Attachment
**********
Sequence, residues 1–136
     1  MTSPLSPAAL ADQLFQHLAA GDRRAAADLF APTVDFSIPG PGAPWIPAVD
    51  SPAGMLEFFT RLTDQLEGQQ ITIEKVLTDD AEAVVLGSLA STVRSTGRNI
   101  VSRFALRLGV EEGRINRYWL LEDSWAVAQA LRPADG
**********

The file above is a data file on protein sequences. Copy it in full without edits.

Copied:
Sequence, residues 1–136
     1  MTSPLSPAAL ADQLFQHLAA GDRRAAADLF APTVDFSIPG PGAPWIPAVD
    51  SPAGMLEFFT RLTDQLEGQQ ITIEKVLTDD AEAVVLGSLA STVRSTGRNI
   101  VSRFALRLGV EEGRINRYWL LEDSWAVAQA LRPADG